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5 Top Takeaways from NLC’s Virtual City Summit

Talking About Small, Mighty People in Small Southern Cities

Because we can’t take our Early Learning Nation Studio on the road during this time, stay tuned as ELN recaps Top Takeaways from important conversations, panels, town halls and virtual events from the Early Learning field. Read them all and join the conversation! And visit our Early Learning Nation channel on YouTube for interviews with leaders from education, child development, business, politics and more.


The National League of Cities (NLC) held its Virtual City Summit last month. While child care came up at many of the sessions, it occupied center stage at two of them. Johnny DuPree, former mayor of Hattiesburg, Miss., moderated “Small but Mighty – Children and Families Thriving in Small Cities,” with these panelists:

  • Tracy Mims, Mayor, Webb, Miss.
  • Susan Broussard, Chief of Staff, Mayor’s office, Alexandria, La.
  • Sally Wilson, Mayor, Osceola, Ark.
“The issue wasn’t what we thought it was at first. We didn’t need more books in the library. We needed volunteers to read them.” — Chief of Staff Susan Broussard, Mayor’s office, Alexandria, La.
And “Taking Care of Business: Childcare and Getting Back to Work” featured:

  • Victoria Farrar-Myers, Deputy Mayor Pro Tempore, Arlington, Tex.
  • Julia Barfield, Senior Manager, Policy & Programs, U.S. Chamber of Commerce Foundation
  • Chokwe Antar Lumumba, Mayor, Jackson, Miss.
  • William Rawls, Mayor, Brownsville, Tenn.

Here are five takeaways from the two conversations:

1. Child care is a workforce issue. Even before the pandemic, Barfield said, when employers came together to talk about workforce issues, “We couldn’t have a conversation without child care coming up.” She noted that child care is a $47.2 billion industry with a 1.5 million strong workforce—bigger than the airlines. Today, with an increasing number of parents defecting from the workforce for lack of accessible and affordable child care, the need for relief is greater than ever, and so is the potential return on investment. Mayor Rawls, the first Black mayor of his city, comes from a family of funeral home owners, so he knows the challenges that small businesses face. “Main Street needs to be part of the conversation,” he said.

2. Child care affects nearly every facet of community life. Beyond workforce issues, inadequate child care hampers everything from health care to higher education, with disastrous consequences for today’s families and tomorrow’s citizens. The situation is especially dire in so-called child-care deserts where poverty and education gaps already plague families. Championing an early education focus in her small city, Broussard quoted a favorite saying of her boss, Mayor Jeff Hall: “There’s no barrier between a child who can’t read and the penitentiary in Angola.”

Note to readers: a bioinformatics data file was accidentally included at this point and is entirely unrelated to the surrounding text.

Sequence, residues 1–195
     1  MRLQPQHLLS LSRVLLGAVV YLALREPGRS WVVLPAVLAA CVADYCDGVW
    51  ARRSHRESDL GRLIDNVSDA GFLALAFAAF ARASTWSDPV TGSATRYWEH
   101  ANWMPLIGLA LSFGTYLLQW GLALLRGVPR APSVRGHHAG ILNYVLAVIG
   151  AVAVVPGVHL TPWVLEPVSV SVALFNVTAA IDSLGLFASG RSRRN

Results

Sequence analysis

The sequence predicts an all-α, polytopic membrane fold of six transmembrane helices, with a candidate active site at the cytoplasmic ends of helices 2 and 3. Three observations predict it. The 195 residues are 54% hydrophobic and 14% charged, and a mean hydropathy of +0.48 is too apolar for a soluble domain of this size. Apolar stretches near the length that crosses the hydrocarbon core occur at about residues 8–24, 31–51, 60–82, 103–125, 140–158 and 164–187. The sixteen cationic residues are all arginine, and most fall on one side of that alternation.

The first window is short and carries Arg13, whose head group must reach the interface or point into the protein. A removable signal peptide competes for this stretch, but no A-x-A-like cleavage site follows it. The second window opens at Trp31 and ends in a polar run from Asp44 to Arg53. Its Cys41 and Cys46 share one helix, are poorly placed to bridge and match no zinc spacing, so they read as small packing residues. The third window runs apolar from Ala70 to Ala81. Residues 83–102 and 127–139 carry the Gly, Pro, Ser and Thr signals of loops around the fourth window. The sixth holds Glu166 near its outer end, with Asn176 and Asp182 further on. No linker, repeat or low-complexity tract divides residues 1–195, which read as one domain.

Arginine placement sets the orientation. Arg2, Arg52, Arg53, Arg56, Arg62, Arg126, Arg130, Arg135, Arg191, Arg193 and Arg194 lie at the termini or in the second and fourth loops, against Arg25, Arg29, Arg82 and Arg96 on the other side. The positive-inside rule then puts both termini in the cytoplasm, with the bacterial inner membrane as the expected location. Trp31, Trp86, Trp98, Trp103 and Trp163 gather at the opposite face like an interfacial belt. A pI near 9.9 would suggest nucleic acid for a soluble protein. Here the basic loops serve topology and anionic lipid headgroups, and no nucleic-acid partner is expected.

She also stressed the importance of collecting data before making decisions. “The issue wasn’t what we thought it was at first,” she said. “We didn’t need more books in the library. We needed volunteers to read them.”

3. The economy is a human issue. COVID is hitting communities of color harder, and experts fear the recovery will reach them last. “Everything got derailed by the pandemic,” Wilson recalled. “Whatever our priorities were before, all of a sudden we had to shift gears to food insecurity.

Mayor Lumumba—a Detroit native—spoke of the “dignity economy,” which goes beyond gross domestic product and other traditional indicators. “There is dignity,” he asserted, “in being able to pay your bills.”

In terms of possible solutions for his small Delta city, Mayor Lumumba mentioned Universal Basic Income, also known as “the freedom dividend,” a policy championed by, among others, 2020 Democratic presidential candidate Andrew Yang.

4. Breaking down silos means changing mindsets. Wilson described a weekly phone call with pastors as a way of reaching communities often left out of the political conversation. “When you work together,” she said. “You can generate more funds.”

Farrar-Myers organized a child care summit in Arlington. “Political leaders have the power to be conveners,” she said, “not necessarily to come up with all the solutions.”

Mayor Rawls also emphasized the advantages of creating synergies between groups that don’t usually collaborate. Mayor Mims noted that convening disparate groups “engenders trust and respect.”

Hospitals and universities can be anchors for these conversations. Partnerships with retirement communities and other multigenerational interactions may be part of the solution in some communities.

5. Declines in tax revenue mean trouble ahead. “Don’t think that when the pandemic is over, everything will be okay,” warned Mayor Lumumba. There are hard choices ahead, he said, citing his own adamant refusal to cut his city’s early childhood development budget. Mayor Mims said there would always be potholes, garbage collection and other day-to-day issues, but it’s important never to stop asking what really moves the needle.

Mark Swartz writes for and about nonprofit organizations. He lives in Takoma Park, MD, with his wife and two children.

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